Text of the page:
This evening’s announcement follows the measures announced as part of the Spring 2020 Budget when the Government announced several measures to help employers who are struggling with the economic consequence of Covid-19. These included:
- A Statutory Sick Pay relief package for SMEs
- A 12-month business rates holiday for all retail, hospitality and leisure businesses in England
- Small business grant funding of £10,000 for all businesses in receipt of small business rate relief or rural rate relief
- Grant funding of £25,000 for retail, hospitality and leisure businesses with property with a rateable value between £15,000 and £51,000
- The Coronavirus Business Interruption Loan Scheme offering loans of up to £5 million for SMEs through the British Business Bank
- A new lending facility from the Bank of England to help support liquidity among larger firms, helping them bridge Coronavirus disruption to their cash flows through loans
- The HMRC Time to Pay Scheme – support for businesses paying tax
20th March 2020
People unable to work for more than seven days because of coronavirus (COVID-19) can obtain an isolation note through a new online service.
People who need to claim Universal Credit or Employment Support Allowance because of coronavirus will not be required to produce a fit note or an isolation note.
20th March 2020
Guidance released for businesses and employers:
- encourage employees to work at home, wherever possible
- if someone becomes unwell in the workplace with a new, continuous cough or a high temperature, they should be sent home and advised to follow the advice to stay at home
- employees should be reminded to wash their hands for 20 seconds more frequently and catch coughs and sneezes in tissues
- frequently clean and disinfect objects and surfaces that are touched regularly, using your standard cleaning products
- employees will need your support to adhere to the recommendation to stay at home to reduce the spread of coronavirus (COVID-19) to others
- those who follow advice to stay at home will be eligible for statutory sick pay (SSP) from the first day of their absence from work
- use your discretion concerning the need for medical evidence for certification for employees who are unwell
- if evidence is required by an employer, those with symptoms of coronavirus can get an isolation note from NHS 111 online, and those who live with someone that has symptoms can get a note from the NHS website
- employees from defined vulnerable groups should be strongly advised and supported to stay at home and work from there if possible
19th March 2020
Key Workers have been announced to be the following:
- Frontline health workers such as doctors and nurses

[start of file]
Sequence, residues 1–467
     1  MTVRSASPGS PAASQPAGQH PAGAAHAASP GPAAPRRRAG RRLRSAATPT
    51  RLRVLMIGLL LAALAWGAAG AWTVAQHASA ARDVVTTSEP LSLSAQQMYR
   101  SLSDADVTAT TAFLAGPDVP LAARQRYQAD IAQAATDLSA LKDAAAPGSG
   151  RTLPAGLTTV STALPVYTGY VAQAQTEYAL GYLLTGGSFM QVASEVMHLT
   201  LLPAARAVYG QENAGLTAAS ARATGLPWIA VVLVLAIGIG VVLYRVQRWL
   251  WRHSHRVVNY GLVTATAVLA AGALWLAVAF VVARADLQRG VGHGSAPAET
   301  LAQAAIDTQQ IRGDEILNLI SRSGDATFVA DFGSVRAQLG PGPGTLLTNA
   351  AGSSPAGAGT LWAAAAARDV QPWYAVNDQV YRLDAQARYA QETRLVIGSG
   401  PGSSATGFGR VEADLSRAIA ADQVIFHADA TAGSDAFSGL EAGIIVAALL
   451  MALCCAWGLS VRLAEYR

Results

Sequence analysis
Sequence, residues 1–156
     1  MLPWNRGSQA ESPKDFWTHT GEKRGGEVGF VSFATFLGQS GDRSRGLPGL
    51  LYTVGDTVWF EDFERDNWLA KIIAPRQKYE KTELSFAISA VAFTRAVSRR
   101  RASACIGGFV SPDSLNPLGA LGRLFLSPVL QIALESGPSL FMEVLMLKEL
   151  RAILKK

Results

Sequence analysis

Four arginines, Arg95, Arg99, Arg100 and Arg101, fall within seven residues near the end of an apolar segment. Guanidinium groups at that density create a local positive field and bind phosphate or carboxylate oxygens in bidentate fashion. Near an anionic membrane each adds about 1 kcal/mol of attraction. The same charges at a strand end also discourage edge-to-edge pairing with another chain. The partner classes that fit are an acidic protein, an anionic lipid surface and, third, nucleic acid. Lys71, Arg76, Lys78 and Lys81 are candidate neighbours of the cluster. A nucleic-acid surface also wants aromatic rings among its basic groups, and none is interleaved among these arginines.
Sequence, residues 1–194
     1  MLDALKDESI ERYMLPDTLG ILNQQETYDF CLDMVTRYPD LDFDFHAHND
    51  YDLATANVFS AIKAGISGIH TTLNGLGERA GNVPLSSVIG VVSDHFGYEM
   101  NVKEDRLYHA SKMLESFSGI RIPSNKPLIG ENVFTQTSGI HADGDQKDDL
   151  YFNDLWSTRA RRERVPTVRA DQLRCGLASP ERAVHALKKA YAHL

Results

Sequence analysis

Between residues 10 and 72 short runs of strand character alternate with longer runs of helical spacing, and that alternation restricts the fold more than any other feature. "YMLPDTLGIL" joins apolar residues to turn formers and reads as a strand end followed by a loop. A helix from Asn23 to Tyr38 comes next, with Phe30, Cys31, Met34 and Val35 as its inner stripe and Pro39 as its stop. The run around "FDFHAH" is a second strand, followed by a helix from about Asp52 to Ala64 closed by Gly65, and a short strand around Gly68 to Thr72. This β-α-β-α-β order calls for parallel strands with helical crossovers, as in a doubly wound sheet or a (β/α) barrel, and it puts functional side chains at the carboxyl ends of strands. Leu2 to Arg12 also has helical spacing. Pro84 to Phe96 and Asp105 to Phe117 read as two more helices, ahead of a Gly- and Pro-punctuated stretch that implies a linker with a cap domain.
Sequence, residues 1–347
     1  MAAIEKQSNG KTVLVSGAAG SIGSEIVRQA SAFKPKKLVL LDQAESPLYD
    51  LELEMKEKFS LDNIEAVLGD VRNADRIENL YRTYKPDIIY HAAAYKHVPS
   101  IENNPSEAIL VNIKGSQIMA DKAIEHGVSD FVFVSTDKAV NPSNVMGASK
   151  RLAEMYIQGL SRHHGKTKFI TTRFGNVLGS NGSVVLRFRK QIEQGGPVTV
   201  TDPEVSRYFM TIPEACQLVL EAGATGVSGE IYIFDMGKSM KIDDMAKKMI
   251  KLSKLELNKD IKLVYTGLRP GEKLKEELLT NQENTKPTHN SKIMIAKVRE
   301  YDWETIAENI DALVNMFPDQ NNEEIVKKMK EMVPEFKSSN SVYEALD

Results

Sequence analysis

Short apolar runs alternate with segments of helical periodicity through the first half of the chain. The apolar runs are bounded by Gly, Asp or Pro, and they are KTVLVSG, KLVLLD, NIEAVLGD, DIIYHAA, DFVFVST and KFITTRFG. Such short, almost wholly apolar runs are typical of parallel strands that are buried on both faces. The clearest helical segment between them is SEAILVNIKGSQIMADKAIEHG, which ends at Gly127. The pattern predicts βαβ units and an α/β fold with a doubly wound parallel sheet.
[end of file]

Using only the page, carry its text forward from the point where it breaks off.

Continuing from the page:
- Some teachers and social workers
- Workers in key public services including those essential to the justice system, religious staff and public service journalists
- Local and national government workers deemed crucial to delivering essential public services
- Workers involved in food production processing, distribution, sale and delivery
- Public safety workers including police, armed forces personnel, firefighters and prison staff
- Essential air, water, road and rail transport workers
- Utilities, communication and financial services staff, including postal workers and waste disposal workers
The Government is urging parents to follow the following principles:
- If it is at all possible for children to be at home, then they should be.
- If a child needs specialist support, is vulnerable or has a parent who is a critical worker, then educational provision will be available for them.
- Parents should not rely for childcare upon those who are advised to be in the stringent social distancing category such as grandparents, friends, or family members with underlying conditions.
- Parents should also do everything they can to ensure children are not mixing socially in a way which can continue to spread the virus. They should observe the same social distancing principles as adults.
- Residential special schools, boarding schools and special settings continue to care for children wherever possible.
18th March 2020
The Prime Minister has announced that all schools will be closed from Friday 20th March 2020 until further notice as the pandemic continues to escalate. This wall be for all children except those of Key Workers (yet to be defined) and the most vulnerable pupils. He confirmed his objective to be to slow the spread of the virus. The Prime Minister further announced that there would be additional measures in place to ensure the support for individuals and families as well as businesses.
More detail will be provided tomorrow as to how this will take place.
17th March 2020
The new guidance is to stay at home for 14 days if someone in your house has symptoms of COVID-19, announced by Matt Hancock today.
Health and Social Care Secretary Matt Hancock said:
“Coronavirus is the biggest public health crisis we have faced in a generation, and we will do whatever is necessary to protect our elderly and most vulnerable people and keep the public safe. This is an unprecedented situation and it’s so important for each of us to rally together and do our bit to protect ourselves and each other, as well as our NHS, from this disease. Washing hands regularly for 20 seconds or more remains the single most important thing each of us can do, but we now also need to ask everyone in a household to stay at home if anyone in their home shows symptoms. Combating this virus will require a huge national effort. We must do all we can to save lives, protect the NHS and keep the most vulnerable people in our society safe.”